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Macca last won the day on January 9

Macca had the most liked content!

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About Macca

  • Rank
    Super Moderator

Profile Information

  • Gender


  • Biography
    60 yrs old. Two grown up sons, three grandchildren, two boys and a girl. Got married in September 12 to Sandra. Played for Oldham Athletic in early 1970s. Thankful to have found this site. Visited Hawaii and Pearl Harbor in 2003 to fulfil one off my wish list.
  • Location
    City of Salford UK nr Manchester
  • Interests
    Football (soccer), reading, finding out about SAH, Spitfires, sailing ships
  • Occupation
    retired 11/4/2014
  • SAH/Stroke Date
    1/9/2010 L Ant comm- coiled

Recent Profile Visitors

1,504 profile views
  1. Hi Tina, Hey - you came through it! I'm guessing that you didn't talk much to anyone before you went and this worry just built up unchecked until the bubble burst and all that emotion just came tumbling out. Always best to talk about these things rather than just letting them build up. It acts as a relief valve. Next time, come on here to express your fears before you go, not afterwards. This sort of stuff is what we're good at, because we've been there. We know exactly what you have gone through and it is the classic 'what if' worries - and guess what? We always think the worst and there really is no need. It's not daft or even irrational. It's what our body does to us, and that fear is us telling it back that we haven't forgotten it hurt us and we aren't going to let it happen again. Hence we build up this defensive tension and our reaction at the end is to tell it that 'I told you I wasn't going to let you hurt me!' Then the relief is palpable. It's a natural worry and not one to worry about unduly. It's not daft, or stupid, or anything to be embarrassed about. Those who haven't experienced it don't know how it feels and therefore can't empathise with us. They don't know what they don't know. It's hard to know how to react without that understanding that only the experience gives you. Thanks for sharing. It was a considerate thing for you to do and is an important message to others who share those worries. Now get back to getting on with living your life to the full. I wish you well. Macca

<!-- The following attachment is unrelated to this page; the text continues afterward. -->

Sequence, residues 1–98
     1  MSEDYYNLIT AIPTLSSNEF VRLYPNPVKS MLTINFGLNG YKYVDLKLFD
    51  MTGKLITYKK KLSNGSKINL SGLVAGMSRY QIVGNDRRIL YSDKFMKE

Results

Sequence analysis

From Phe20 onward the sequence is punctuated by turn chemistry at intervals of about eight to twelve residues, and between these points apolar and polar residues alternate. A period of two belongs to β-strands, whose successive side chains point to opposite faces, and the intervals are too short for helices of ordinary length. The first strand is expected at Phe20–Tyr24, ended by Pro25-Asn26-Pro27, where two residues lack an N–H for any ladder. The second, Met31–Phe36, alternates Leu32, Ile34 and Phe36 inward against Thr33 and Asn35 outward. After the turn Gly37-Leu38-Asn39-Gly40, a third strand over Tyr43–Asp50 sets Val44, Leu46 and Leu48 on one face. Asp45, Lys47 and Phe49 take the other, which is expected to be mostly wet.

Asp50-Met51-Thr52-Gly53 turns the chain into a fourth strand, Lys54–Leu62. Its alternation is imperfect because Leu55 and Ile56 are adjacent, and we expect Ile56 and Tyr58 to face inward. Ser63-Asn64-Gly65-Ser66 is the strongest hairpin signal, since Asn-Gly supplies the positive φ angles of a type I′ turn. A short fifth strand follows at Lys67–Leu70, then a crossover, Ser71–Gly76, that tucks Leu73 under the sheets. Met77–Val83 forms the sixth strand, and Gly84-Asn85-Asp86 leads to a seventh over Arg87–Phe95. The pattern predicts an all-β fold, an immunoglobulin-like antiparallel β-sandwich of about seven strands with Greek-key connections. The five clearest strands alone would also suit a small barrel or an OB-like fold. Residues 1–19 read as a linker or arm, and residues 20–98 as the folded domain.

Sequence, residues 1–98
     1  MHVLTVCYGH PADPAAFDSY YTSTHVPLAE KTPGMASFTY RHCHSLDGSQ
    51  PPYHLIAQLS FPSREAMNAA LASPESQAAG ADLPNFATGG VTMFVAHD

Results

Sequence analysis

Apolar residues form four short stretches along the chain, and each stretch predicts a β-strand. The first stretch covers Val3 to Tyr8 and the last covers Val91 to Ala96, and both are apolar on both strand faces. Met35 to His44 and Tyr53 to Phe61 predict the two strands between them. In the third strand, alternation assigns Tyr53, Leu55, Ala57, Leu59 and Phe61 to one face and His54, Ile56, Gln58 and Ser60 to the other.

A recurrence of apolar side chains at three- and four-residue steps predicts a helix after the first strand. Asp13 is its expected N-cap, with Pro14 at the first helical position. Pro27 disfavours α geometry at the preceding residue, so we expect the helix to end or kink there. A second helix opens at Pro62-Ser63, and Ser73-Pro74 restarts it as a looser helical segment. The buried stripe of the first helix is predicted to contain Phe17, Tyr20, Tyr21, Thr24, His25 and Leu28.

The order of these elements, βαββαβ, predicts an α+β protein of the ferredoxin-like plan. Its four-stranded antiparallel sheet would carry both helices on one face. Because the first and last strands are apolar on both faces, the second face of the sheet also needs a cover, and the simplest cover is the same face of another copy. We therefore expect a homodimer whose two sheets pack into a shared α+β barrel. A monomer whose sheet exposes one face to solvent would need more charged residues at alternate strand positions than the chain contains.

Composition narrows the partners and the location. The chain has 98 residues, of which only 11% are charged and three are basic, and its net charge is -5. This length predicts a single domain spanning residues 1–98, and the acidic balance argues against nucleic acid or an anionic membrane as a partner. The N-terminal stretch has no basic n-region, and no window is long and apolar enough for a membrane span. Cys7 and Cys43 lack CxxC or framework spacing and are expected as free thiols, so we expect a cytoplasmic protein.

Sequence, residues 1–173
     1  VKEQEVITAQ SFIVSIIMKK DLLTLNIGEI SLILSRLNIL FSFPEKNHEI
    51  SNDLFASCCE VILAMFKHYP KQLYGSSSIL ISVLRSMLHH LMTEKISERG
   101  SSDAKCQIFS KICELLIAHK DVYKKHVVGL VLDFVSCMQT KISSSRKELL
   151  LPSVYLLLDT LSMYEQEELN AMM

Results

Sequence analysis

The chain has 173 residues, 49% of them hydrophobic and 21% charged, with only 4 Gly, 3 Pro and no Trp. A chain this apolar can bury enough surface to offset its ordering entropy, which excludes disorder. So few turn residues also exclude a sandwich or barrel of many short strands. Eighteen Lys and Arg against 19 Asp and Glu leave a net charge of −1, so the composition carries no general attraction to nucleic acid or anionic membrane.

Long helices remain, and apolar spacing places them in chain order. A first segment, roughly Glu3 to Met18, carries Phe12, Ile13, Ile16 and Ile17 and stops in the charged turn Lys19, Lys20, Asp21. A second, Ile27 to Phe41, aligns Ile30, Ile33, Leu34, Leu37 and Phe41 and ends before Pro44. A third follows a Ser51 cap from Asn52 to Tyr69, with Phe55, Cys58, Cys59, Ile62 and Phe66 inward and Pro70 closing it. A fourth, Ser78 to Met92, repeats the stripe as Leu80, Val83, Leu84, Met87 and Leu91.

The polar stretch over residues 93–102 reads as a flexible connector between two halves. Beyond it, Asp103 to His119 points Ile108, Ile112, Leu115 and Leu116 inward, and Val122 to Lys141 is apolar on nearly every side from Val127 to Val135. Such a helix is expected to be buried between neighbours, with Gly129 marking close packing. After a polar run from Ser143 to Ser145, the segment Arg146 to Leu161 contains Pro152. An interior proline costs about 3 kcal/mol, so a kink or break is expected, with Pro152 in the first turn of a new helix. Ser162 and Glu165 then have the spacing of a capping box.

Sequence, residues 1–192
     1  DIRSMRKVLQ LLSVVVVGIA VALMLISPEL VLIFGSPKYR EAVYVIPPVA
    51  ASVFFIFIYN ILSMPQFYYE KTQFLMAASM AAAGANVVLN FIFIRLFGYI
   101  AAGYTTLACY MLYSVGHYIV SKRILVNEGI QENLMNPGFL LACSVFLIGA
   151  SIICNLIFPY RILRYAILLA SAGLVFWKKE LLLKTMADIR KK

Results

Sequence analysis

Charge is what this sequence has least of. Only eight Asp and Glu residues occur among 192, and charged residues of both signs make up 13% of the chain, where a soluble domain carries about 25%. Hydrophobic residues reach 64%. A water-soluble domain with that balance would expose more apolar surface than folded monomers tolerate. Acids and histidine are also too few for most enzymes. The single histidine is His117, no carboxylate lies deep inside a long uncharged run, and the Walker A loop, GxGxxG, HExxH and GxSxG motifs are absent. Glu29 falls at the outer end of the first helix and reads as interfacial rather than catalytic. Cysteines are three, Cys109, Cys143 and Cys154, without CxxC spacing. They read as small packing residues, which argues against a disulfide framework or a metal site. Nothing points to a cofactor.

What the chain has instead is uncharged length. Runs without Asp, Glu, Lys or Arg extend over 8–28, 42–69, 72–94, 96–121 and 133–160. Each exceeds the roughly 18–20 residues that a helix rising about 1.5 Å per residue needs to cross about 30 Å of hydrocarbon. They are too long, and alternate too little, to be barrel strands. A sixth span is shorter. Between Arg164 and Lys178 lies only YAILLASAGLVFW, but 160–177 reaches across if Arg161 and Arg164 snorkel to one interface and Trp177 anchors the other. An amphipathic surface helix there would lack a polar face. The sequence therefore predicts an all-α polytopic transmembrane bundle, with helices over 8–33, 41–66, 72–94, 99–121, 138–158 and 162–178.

2. Wow Mike -Just wow! I love your attitude, your grit and your perseverance! Well done indeed sir! Thanks for sharing this, I hope it gives inspiration, I'm sure it does. If anyone reading isn't up to this yet, just bide your time, with the right timing and the determination not to give up, we can all improve I think to our own level. The message here I think is just be the best you can be - but in your own time, it isn't a race! Macca
  3. Hi Diane, One of the things I noticed in going back into a pub (bar) was that alcohol affected me at a far earlier point than it did before. I became disorientated earlier and to be honest it worried me. Even now, 9.5 years later some beer is ok in moderation, but spirits are a no no! The second thing I'd like to say is that alcohol is a depressant and makes you feel worse in the long run. Being drunk exaggerates the stress you feel in your own mind, so I would stay away from it. Your imagination runs away with itself if you have nobody to talk to and you are drinking. Far better to stay sober and talk things through with a close friend or relative, or therapist if you have one. I have never yet found the solution to a problem in the bottom of a glass. In my humble opinion, the best way to get some answers is to start to try and think how you are going to tackle this problem and take it on. Be proactive, actively get help, don't wait for the answers to come to you. You have to go out and find them. They are there, you just have to embark on the treasure hunt, (the treasure being the solutions you seek) and make your life better through positive action, not passive surrender. If you must drink at all, do it in company and never on your own and do it in moderation. Best wishes, Macca
  4. Hi Sallios, Six months is still very early. Time is the biggest healer. it was two years before I started feeling even the slightest bit better. Take the time to reappraise what you can and can't do. You will revise it as you improve. Change has happened suddenly when previously it would have happened gradually with age. You can't turn the clock back but you can start to do things your way and control the future. Have a go at starting to think in a positive way. When things seem a bit negative, turn the flip side and think of it that way. It will start to allow you to deal with the changes. What you do will be in a different way - not better or worse - just different. There's nothing wrong with that! Don't beat yourself up about this, what you have dealt with is an ordeal that you have survived, so pat yourself on the back and start living in a more positive way. That is the best way to pay back the medical team that gave you a second chance, and the family and friends that supported you and continue to do. Good luck, Macca
  5. Hi Greg, Nice to see you back. I think you just need to take stock . You're doing great by the sound of it but you have to listen to what your body is telling you. Resting well is as important as functioning well. The 'rest' is your fuel tank, it just empties a bit faster than it used to and so you need to fill up more frequently. Also take things a little slower - remember the story of the tortoise and the hare? It's just common sense and don't forget, you are that little bit older now too, so manage your condition, don't try to beat it! Good luck sir! Macca